Apothecary box of my mind
When I came home I looked at the notebook they had copied. It is typical of all my notebooks – of which I have many. On one page there were my colourful drawings of flowers for my little children; on the next, a line of Rumi’s ghazals to practice my Persian calligraphy. On the next page, a rant in Persian, against former Iranian President Mohammad Khatami, as to why he dismissed Shirin Ebadi’s Nobel Peace Prize as irrelevant and insignificant. On the following page, I had the outline of a lecture I gave to my class on Malcolm X, James Baldwin, and linked it to the “liberation theology” of Bartolomé de las Casas in A Short Account of the Destruction of the Indies.
On the page after that I thought through an argument as to why US President Barack Obama initially thought to attack Syria and then changed his mind. Turning to the next page, there is a comparison of Kurasawa, Lean, and Ford’s epic cinema – before coming upon pages in which, after reading sections of Hannah Arendt’s On Revolution, I had written extensively on her strength and blind spots. What would a Homeland Security bureaucrat make of all these pages, will he or she think me mad, insane, or will she think these were the coded content of some grand conspiracy?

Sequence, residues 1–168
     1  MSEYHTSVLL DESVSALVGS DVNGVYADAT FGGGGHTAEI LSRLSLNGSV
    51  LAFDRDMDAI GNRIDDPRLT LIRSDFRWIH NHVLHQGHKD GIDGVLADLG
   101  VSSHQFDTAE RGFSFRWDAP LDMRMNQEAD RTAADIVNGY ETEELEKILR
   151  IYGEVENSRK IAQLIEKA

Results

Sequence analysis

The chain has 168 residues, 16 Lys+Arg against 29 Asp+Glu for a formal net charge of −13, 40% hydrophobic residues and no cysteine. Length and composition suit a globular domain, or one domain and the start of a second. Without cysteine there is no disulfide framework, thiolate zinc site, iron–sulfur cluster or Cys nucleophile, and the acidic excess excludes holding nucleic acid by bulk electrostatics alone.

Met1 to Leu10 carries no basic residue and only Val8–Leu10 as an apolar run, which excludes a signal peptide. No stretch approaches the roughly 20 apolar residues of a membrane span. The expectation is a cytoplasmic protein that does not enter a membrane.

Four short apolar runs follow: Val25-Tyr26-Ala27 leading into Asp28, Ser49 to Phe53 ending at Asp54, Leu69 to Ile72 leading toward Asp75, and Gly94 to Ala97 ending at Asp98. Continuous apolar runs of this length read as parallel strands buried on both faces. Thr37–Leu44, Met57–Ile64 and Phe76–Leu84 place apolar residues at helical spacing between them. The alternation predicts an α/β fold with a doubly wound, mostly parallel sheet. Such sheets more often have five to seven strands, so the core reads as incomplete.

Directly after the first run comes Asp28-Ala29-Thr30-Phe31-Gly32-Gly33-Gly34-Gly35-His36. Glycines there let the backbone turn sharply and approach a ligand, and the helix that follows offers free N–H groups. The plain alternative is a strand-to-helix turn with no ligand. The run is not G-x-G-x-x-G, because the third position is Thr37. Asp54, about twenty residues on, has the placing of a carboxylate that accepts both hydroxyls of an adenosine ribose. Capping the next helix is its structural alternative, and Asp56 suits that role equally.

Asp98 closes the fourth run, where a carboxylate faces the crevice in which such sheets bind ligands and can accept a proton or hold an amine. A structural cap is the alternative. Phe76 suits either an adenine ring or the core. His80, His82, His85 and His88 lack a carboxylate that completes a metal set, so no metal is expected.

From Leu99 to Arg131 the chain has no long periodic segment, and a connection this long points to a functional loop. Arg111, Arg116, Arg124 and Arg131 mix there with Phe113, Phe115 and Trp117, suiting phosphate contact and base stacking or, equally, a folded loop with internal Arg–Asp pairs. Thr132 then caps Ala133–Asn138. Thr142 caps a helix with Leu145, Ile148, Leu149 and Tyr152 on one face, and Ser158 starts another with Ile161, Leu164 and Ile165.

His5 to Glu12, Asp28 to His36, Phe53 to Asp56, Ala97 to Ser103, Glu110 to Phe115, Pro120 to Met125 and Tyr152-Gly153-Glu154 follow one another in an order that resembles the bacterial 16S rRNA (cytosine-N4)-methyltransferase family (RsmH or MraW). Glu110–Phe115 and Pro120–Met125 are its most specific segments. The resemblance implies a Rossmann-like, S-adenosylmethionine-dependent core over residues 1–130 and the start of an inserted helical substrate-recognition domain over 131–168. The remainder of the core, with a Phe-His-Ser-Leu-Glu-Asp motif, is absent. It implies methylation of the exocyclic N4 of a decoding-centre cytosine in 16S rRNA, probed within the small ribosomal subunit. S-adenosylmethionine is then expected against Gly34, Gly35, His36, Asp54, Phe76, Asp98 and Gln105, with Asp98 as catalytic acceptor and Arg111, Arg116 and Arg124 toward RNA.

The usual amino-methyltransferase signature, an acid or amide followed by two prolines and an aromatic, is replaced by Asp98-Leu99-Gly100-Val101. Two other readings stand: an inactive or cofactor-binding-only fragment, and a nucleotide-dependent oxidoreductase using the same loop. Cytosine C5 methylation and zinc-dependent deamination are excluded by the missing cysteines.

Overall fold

Nothing, not my laptop, my iPhone, my iPad, etc, is as innate to me and to my thinking and who and what I am, as these notebooks, they are my inner sanctums – where I fear, where I tremble, where I think, where I hope, where I dream and dread.
Only a few days ago I wrote on my Facebook page: “I have always thought of myself as a potter – and what I do (writing) as pottery – and of publishing just putting on my window one of the pots I have made and think it ready for display – when a pot is done and dried and on display, I scarcely look at or think about it – my heart, hand and soul are always in the clay I am moulding now.”